In July last year, a former British envoy to Kenya, Edward Clay, claimed that graft had cost the country $187-million since President Maui Kibaki’s government came to power in December 2002.
Furthermore, the United States’s reinstatement of the Mexico City policy is also reported to have taken a toll on family planning in Kenya.
US President George Bush reintroduced the policy when he was first sworn into office in 2001. It states that US funds cannot be given to foreign NGOs that use money from other donors to perform abortions or promote them in any way—or to give counselling and referrals for the procedure.
The policy, widely known as the “gag rule”, was first announced by former president Ronald Reagan at an international population conference held in Mexico City, Mexico, in 1984.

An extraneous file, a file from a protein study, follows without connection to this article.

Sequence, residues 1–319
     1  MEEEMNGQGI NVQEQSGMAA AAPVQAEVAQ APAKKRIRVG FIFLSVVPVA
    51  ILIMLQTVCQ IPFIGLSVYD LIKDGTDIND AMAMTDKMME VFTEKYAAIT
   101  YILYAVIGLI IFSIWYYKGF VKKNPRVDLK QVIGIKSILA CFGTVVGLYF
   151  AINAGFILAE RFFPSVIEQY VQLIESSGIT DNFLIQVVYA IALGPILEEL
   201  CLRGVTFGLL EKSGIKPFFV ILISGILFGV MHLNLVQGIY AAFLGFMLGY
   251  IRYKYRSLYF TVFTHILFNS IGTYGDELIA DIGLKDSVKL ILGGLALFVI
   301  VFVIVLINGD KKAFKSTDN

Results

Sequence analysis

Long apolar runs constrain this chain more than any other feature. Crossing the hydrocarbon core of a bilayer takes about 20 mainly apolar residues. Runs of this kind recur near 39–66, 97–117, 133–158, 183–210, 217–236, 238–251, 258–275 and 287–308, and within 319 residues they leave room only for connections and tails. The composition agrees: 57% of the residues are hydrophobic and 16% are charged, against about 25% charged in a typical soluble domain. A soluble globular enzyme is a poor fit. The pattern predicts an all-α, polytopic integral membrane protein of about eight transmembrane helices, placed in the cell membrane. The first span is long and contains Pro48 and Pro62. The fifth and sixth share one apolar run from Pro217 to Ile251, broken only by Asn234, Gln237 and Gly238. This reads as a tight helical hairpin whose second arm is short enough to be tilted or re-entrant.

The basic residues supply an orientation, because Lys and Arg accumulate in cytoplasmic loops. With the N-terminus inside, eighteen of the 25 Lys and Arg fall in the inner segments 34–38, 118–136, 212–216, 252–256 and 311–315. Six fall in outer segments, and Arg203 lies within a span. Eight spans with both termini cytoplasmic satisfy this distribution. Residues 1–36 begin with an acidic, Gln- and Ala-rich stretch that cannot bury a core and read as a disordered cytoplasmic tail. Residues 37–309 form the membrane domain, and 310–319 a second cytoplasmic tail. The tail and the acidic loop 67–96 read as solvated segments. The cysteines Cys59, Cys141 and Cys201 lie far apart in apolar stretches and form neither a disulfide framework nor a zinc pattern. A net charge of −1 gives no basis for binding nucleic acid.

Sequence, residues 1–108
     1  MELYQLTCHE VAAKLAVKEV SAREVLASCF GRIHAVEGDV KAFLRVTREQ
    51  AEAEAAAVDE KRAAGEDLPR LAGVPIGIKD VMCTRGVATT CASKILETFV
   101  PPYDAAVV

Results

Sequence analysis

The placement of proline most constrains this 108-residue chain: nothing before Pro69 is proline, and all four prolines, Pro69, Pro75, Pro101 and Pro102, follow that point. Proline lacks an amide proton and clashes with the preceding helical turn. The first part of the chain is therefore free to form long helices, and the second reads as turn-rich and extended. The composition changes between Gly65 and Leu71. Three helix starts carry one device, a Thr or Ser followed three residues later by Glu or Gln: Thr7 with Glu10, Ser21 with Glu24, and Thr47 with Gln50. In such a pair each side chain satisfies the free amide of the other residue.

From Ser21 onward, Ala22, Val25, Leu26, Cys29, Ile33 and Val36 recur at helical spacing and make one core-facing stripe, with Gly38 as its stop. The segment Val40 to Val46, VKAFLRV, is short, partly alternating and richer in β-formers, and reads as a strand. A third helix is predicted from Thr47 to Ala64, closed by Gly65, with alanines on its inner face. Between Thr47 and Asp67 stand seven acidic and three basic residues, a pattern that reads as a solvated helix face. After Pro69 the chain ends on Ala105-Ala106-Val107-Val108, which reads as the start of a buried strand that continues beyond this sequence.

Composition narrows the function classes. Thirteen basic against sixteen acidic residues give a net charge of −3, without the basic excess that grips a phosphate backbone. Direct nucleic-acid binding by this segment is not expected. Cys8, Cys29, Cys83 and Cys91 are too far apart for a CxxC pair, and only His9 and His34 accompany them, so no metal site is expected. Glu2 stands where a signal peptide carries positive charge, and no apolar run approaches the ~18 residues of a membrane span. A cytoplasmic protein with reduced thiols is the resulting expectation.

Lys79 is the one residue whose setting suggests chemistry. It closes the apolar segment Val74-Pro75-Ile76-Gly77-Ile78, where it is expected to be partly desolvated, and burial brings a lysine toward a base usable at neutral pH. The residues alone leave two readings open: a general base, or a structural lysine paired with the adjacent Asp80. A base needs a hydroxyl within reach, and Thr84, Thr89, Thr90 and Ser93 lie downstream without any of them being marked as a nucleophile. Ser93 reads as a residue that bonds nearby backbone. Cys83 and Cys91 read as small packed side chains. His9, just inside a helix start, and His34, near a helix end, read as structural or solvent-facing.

The Family Planning Association of Kenya (FPAK), an NGO that has been operating since independence in 1963, says it was obliged to close down eight of its 17 clinics around the country as a result of the gag rule.
“USAid—the United States Agency for International Development, which was our largest donor—gave us one condition: to stop collaborating with the IPPF [International Planned Parenthood Federation], who are liberal about abortion or they would stop funding us,” noted Joachim Osur, the FPAK’s director of delivery services, recently.
“But it was impossible for us to stop engaging with the federation, since it has also been supporting us from the beginning. As a result, USAid immediately stopped their funding support.”